IH Fanboy wrote:


    Quote

    But I must say, it is a characteristic of pathological skeptics to dismiss evidence out of hand and yet have absolute certainty in the absence of evidence.


    I have not expressed absolute certainty. I have often said that with the right evidence, I would accept cold fusion as real in a heartbeat. And I have often described the kind of evidence that would do it.


    I'm just that open minded.


    It is the believers who have closed their minds to the possibility that they might be wrong.

    IH Fanboy wrote:


    Quote

    To the contrary, cold fusion lost its acclaim when certain hot fusion scientists from MIT altered experimental evidence,


    Again, they were only one, and not the most effective groups of skeptics. The turning point, according to some, was the slam dunk duo of Lewis and Koonin, neither of whom were hot fusion beneficiaries.


    Quote

    and then carefully constructed a reputation trap in concert with scientists from Caltech, so that anyone claiming positive results (and there were hundreds) or even being associated with cold fusion became scientific pariahs.


    Totally implausible. The vast majority of scientists would benefit from cold fusion as humans and from the increased availability of funding when the tokamaks were shut down. The initial reaction in 1989 showed where the sentiments of most scientists lay -- strongly in favor of cold fusion. A tiny group of hot fusion researchers could not change that sentiment in all of mainstream science for their own benefit and to the detriment of science in general. If that were possible, oil researchers would have shut down fission, and fission and oil would have shut down wind and solar, and tubes transistors, x-ray researchers MRI, and so on...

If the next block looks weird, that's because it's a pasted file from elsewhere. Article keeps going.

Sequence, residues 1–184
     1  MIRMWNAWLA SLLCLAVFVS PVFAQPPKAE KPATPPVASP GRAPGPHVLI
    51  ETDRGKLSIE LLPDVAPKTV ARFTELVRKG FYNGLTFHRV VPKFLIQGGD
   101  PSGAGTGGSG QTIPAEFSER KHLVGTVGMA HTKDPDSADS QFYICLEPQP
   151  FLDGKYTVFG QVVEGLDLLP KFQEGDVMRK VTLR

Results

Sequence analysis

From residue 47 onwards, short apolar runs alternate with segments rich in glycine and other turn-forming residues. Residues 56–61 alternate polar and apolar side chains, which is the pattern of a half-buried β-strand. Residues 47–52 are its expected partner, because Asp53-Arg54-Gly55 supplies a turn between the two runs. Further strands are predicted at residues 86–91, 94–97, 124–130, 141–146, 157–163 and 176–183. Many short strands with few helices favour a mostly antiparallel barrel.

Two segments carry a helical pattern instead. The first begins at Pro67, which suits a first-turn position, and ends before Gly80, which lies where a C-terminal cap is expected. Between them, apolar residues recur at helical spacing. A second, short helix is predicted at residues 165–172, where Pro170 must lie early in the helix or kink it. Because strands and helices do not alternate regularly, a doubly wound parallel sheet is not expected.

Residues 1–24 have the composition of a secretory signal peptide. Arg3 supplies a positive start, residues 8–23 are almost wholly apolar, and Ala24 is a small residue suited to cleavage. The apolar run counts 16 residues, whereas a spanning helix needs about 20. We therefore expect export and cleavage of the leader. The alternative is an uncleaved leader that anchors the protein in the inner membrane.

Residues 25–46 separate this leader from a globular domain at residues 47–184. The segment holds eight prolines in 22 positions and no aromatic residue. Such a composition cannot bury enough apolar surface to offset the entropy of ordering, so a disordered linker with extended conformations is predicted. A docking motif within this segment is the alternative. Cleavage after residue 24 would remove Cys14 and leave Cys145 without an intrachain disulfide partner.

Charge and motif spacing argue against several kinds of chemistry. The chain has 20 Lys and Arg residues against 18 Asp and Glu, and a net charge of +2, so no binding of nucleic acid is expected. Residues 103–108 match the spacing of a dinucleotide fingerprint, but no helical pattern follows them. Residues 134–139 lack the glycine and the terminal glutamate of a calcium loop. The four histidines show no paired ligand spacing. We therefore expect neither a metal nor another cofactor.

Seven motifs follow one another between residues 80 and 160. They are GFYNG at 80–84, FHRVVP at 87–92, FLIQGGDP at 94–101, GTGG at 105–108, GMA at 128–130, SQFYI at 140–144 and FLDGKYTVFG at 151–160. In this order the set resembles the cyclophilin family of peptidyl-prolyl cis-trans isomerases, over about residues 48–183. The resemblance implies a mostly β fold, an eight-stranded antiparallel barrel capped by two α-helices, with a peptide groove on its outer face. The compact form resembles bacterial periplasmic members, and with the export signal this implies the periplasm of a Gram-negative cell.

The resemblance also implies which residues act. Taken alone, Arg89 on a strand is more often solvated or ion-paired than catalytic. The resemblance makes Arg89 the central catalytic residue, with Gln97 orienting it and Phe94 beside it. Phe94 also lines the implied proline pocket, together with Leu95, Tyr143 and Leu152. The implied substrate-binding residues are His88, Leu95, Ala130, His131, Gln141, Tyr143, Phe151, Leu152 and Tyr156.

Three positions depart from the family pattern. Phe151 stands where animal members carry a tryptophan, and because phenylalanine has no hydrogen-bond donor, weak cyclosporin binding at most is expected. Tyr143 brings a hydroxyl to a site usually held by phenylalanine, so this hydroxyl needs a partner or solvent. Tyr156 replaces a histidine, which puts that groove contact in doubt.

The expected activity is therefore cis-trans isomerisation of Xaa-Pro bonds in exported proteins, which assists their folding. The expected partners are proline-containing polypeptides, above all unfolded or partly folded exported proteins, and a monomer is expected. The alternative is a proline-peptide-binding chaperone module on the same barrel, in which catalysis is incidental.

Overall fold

Quote

    This, in a stomach churning bid to save their flow of hot fusion funding.


    Again, hot fusion funding *costs* the DOE money. Greed would dictate that they would favor cold fusion to save that money.

    Wyttenbach wrote:


    Quote

    me quoting Neil deGrasse Tyson:


    So all the successful replicators were lying, according Your logic...


    First, I was quoting NDT. I wouldn't put it that way (it took 40 days to become clear), and the misattribution is discourteous.


    Second, your logic is faulty. They could simply have been mistaken, as they almost certainly were.


    And Third, your side has no difficulty in attributing lies to an entire team at MIT, and essentially all of mainstream science.

    IH Fanboy wrote:


    Quote

    me:


    Neutron detection has never been a consistent hallmark of cold fusion, despite the anomalous heat. So attacking P&F on this point won't get you far with LENR enthusiasts.


    I actually don't expect to get far with LENR enthusiasts not matter what I do.


    But the point of the neutron comment was in reference to the credibility of P&F. They were initially believed by a great many scientists because of their credibility. But to make such a mistake with neutrons, when claiming fusion, demonstrated surprising sloppiness. After that, their credibility was not enough. And when the evidence was examined, it was not enough either.